The short film 8 is a perfect example of how he views cinema. It is indeed a story about two pool players, but at the same time it looks so magical; making you fall in love with not only their love for each other, but their love for pool. When watching a film directed by Gabriele, it feels like we're leaving the modern time and entering the world of his mind. You can't really put words to what you see in his films; but you feel it. Gabriele agrees with that reasoning and tells me that it goes all the way back to the 1960s, but in general the French New Wave. There's a big emphasize on how they were all the pioneers of blending reality with something magical. Listening to Gabriele speak about this topic is such a rare feeling; he is filled with so much glow and admiration, as if he is explaining a delicious dish he recently tried at a French restaurant.
"I think that's the way movies should be done, because at the end of the day I'm not a believer of people who say that movies are truth, art is truth... Bullshit. Art is a lie: movies are lies. Everything is fake in movies. Leonardo DiCaprio, when he draws [in movies] he's not drawing; there's somebody else drawing. They're all liars, so why do we need to be pretentious and say the movie is about the truth? Schindler's List (1993), look at that; it's a true topic, but that's not what really happened. It's all manipulated in order for the audience to have a reaction to the movie. That's my thought of it."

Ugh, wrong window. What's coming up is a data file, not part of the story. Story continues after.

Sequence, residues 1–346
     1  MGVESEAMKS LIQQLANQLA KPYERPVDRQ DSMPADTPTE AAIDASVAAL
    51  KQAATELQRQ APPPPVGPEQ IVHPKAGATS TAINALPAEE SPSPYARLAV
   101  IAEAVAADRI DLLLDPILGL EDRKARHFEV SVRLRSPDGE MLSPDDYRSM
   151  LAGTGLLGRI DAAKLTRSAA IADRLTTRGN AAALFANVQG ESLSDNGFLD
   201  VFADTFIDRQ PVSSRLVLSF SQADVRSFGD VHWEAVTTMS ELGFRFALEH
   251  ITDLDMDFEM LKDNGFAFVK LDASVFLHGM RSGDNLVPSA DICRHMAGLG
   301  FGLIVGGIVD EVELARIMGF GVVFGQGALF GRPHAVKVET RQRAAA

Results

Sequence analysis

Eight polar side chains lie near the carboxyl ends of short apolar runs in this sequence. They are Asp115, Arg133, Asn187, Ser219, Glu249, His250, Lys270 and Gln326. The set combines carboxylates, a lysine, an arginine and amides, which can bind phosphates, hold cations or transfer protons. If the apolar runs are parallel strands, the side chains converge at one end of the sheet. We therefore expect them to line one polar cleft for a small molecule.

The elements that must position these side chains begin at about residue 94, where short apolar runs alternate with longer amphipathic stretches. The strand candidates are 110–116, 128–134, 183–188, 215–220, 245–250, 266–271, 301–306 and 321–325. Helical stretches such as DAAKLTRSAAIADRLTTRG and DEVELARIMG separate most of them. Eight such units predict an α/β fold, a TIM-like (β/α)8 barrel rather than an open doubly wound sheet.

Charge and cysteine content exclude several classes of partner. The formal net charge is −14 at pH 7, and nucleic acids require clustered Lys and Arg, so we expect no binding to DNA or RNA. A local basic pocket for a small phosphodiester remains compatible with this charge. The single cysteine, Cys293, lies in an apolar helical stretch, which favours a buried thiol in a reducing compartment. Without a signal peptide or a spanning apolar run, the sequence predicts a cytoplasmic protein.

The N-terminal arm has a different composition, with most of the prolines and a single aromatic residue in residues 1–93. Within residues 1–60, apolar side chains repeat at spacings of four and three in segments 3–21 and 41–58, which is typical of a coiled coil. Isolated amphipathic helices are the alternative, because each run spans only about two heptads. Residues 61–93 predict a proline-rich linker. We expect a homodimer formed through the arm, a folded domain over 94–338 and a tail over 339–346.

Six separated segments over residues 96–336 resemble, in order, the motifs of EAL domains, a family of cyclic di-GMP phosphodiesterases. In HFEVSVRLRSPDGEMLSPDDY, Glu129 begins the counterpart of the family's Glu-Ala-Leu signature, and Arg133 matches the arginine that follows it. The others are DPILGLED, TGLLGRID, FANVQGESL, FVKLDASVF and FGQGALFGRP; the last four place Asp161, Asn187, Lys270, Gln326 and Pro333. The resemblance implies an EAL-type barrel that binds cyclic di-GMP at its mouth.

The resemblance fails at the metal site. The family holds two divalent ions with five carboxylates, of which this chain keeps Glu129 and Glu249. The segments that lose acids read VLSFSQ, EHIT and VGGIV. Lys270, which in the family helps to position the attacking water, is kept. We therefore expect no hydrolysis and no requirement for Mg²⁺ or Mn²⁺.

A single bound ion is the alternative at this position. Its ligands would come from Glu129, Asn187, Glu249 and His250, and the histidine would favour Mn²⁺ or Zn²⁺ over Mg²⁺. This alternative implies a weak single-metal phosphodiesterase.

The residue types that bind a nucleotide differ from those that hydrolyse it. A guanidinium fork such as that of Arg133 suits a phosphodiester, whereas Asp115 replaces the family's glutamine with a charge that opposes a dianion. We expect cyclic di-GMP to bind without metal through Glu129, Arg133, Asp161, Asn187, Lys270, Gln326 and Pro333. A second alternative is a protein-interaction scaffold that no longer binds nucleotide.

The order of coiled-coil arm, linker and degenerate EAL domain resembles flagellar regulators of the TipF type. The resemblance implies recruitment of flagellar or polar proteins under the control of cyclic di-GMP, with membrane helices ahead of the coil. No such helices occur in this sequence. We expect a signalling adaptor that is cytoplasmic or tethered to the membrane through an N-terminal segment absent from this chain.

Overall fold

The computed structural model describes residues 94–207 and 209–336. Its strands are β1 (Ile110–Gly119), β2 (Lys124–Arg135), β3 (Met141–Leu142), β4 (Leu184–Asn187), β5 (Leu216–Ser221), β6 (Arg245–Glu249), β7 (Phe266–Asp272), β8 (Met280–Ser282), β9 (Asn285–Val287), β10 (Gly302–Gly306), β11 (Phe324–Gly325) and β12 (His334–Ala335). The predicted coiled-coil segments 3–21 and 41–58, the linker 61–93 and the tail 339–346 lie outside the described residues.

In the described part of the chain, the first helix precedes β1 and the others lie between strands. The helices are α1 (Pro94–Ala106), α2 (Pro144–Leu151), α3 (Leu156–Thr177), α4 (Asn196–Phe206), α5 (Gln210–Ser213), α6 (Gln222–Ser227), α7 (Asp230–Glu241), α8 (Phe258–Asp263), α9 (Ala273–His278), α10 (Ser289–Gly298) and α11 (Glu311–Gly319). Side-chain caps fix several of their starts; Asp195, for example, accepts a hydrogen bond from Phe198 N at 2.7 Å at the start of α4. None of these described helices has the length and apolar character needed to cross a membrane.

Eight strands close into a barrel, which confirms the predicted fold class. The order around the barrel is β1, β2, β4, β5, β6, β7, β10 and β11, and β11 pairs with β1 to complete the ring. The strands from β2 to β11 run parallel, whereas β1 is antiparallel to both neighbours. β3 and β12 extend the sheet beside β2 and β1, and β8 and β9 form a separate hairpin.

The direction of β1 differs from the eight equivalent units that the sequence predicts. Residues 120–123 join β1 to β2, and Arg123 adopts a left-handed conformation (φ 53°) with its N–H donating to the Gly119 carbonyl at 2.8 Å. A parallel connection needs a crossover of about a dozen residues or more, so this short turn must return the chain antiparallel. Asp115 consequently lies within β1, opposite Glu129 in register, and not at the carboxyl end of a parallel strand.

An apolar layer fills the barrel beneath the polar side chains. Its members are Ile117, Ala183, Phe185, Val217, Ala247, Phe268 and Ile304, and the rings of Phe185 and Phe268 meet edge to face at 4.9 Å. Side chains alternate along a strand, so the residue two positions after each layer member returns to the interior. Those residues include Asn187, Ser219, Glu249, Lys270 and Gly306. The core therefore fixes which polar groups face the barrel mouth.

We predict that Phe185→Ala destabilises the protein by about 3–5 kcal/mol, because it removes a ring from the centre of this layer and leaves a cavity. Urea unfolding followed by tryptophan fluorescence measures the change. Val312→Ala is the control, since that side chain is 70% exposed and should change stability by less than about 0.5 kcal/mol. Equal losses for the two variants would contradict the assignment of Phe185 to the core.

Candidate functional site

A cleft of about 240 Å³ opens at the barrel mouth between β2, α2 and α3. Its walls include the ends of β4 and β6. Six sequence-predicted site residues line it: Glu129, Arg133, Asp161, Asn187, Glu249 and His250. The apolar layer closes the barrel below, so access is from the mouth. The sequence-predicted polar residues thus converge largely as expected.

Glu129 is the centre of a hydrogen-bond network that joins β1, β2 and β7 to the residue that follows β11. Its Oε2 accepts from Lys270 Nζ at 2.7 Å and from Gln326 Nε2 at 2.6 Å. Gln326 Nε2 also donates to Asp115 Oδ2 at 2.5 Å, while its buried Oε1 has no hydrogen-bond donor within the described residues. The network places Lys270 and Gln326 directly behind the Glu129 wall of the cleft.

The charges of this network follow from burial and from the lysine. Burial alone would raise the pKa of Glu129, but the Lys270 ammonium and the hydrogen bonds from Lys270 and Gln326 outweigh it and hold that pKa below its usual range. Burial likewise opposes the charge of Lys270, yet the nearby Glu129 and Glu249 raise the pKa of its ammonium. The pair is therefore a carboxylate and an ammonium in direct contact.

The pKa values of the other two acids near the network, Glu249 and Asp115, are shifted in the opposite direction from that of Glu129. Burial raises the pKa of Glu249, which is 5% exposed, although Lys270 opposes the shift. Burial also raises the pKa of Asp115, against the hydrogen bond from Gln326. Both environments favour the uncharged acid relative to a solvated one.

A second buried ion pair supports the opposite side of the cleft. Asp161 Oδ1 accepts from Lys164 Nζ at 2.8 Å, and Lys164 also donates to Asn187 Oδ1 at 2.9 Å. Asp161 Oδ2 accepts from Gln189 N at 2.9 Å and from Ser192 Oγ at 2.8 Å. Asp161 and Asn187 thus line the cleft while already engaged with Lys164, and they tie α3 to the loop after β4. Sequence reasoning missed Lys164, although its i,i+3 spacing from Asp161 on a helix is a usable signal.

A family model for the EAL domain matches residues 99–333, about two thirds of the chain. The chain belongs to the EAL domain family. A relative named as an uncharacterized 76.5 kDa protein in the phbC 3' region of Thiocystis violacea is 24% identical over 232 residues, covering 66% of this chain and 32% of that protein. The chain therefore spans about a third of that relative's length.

He is beginning to get worked up by speaking about realism in cinema; as if he is personally offended about the modern idea that movies are best when they are as realistic as possible. We need magic, love, and fairytales in cinema according to Gabriele, it's important to him. We are missing magic in the world, and we need to bring it back with the aid of cinema. "We need to dream, and I think movies, they need to make you dream. It's not escapism or a lie, it's just [what] humans are meant to feel. We've been doing it [dreaming] for centuries, even in the past. The first people on earth, they always told stories that were not real and I think we need to keep that. It's such a beautiful thing to just fall in love with an ideal character. It's really the matter of taking a realistic scenario and making that thing special; sometimes it's the camera, sometimes it's the characters, but it has to feel special. I think we need that."